Central Line Wizardry

I was scrolling through twitter this morning when I came across a quick video from @CriticalCareNow for an awesome central line trick. And then I went to his feed and found some more. They are pretty genius and I think I’ll start using a few. Check out Dr. Haney Mallemat’s twitter at @CriticalCareNow for videoRead more

Let’s wait for the “official urinalysis”….?

Chances are you order a urine dip or urinalysis on a good number of your patients each shift. But how good are these tests at helping us diagnose a urinary tract infection? The short answer: not fantastic. Let’s continue, focusing on the “official UA”.  When looking at the UA results to determine if a patientRead more

National Physician Suicide Awareness Day

This past Tuesday (September 17th) was the first annual National Physician Suicide Awareness Day. CORD, ACEP, SAEM and a number of other EM organizations paired with organization from other specialties to raise awareness of the epidemic. It’s an effort to break down the stigma surrounding mental health, open the conversation to make change, and toRead more

M is for morphine

Remember MONA (morphine, oxygen, nitro, aspirin) from med school? Well, she may be just “A” now…. Over the years, all of these treatments (except for good old aspirin) have become somewhat controversial in the treatment of ACS. Let’s focus on morphine today. Morphine’s obvious benefit is its ability to control pain and therefore decrease sympatheticRead more

Meningitis Prophylaxis

Have you ever taken care of really critical, undifferentiated patient, only later to find out that they were diagnosed with a serious, contagious illness? We are exposed to innumerable pathogens each day in the ED, but there are only a few that necessitate antimicrobial prophylaxis and even fewer that require prophylaxis from simply being veryRead more

The Betel Nut: an oral carcinogen

Ever walk up to a stable, comfortable appearing patient at Elmhurst and their mouth/teeth are completely RED? Or maybe like a dark brownish/black color? Like this?? It really scared me the first I saw it as an intern. I must have asked her 100 times if she was vomiting blood. But the patient said sheRead more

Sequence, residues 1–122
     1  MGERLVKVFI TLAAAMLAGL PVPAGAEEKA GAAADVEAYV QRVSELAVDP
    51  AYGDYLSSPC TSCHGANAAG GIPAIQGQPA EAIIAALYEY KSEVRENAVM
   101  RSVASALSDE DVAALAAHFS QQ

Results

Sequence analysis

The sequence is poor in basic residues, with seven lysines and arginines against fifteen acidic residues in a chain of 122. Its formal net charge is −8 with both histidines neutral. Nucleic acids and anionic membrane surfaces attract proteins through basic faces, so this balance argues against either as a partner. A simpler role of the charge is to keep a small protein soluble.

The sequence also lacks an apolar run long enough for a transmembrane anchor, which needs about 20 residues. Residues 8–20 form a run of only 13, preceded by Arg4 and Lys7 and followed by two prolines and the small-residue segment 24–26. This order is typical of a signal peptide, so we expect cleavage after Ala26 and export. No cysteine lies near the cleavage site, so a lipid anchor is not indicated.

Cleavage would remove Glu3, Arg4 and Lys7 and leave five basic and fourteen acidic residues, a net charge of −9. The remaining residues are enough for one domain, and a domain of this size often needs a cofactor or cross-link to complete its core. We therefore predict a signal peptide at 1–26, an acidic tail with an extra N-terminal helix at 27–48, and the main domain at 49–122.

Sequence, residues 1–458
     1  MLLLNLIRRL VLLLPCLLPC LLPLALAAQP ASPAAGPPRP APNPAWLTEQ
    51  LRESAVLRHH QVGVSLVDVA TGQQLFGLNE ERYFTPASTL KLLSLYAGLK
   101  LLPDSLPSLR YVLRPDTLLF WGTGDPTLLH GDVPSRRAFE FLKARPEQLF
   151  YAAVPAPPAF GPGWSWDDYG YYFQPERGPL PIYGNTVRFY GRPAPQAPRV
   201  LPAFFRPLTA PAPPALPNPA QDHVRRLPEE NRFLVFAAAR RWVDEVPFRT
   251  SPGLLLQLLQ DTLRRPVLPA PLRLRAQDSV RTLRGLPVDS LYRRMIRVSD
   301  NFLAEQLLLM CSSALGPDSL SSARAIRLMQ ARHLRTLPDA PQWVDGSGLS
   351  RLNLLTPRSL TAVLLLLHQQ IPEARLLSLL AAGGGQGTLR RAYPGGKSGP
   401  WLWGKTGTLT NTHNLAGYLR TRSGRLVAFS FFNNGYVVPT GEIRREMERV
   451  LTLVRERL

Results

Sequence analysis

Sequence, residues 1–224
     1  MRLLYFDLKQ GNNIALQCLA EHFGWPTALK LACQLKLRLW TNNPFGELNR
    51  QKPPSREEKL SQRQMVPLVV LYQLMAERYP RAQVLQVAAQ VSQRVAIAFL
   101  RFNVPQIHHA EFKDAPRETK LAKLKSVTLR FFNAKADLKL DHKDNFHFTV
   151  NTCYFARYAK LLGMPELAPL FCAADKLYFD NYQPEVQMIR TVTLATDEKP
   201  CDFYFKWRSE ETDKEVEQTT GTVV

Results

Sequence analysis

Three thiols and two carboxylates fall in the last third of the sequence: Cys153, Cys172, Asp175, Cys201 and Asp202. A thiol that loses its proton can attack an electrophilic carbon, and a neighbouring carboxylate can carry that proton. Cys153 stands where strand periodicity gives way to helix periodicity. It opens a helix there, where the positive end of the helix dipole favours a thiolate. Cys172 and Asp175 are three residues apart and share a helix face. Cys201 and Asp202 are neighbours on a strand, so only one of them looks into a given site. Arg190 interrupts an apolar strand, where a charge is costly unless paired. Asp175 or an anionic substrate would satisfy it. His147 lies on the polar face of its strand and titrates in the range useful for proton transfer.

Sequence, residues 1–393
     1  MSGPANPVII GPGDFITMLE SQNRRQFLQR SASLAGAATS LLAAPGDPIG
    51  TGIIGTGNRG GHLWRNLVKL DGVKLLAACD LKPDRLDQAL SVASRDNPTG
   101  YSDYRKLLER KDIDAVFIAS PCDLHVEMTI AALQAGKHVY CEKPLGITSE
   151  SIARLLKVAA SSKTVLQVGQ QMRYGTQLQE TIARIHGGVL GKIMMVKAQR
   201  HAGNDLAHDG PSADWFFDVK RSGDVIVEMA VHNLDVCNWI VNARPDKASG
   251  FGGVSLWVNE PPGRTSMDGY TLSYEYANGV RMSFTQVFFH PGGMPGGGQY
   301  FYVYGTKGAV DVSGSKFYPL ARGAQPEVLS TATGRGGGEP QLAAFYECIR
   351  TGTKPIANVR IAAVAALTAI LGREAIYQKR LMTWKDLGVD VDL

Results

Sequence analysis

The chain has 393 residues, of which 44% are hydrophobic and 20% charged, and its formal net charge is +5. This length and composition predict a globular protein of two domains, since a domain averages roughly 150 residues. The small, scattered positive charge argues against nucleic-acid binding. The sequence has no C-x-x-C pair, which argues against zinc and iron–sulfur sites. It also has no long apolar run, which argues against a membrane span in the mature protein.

The Fascia Iliaca compartment block: as magical as it sounds!

In case you haven’t gotten to this month’s EM:RAP, there’s a really great segment on an important ED procedure that we definitely don’t do enough of in the ED: the nerve block. The section discusses the femoral nerve block and how to perform a fascia iliaca compartment block (the “3-in-1” block)–which hits 3 major nervesRead more

Hurry Up & RUSH!

You’re working in RESUS, and you get a notification for hypotension. He’s a 65 year old male noted to be hypotensive to 70/40 by EMS. On arrival, he’s altered and unable to provide any history, and EMS doesn’t have much more information. You don’t see any signs of trauma. Your attending suggests performing a RUSHRead more

Supplemental Oxygen: a cautionary tale.

You’re working in the Cardiac Room as a new PGY-2 and the triage nurse calls you to evaluate a patient. He’s about 40 years old, slightly overweight, known to the ED for chronic alcohol abuse, and appears to be intoxicated yet again.The nurse tells you that when she checked his vitals, his O2 sat wasRead more

Lumbar Puncture: the aftermath (aka how do i label the tubes?!)

Alright, you did it. LP complete! You look at those crystal clear tubes, and say to yourself…. “Ohhh yeah, champagne tap!” But then…you realize you ordered 9000 tests on these few drops of precious fluid and have no idea how to correctly ship them off to the lab. First, you ask around. No one seemsRead more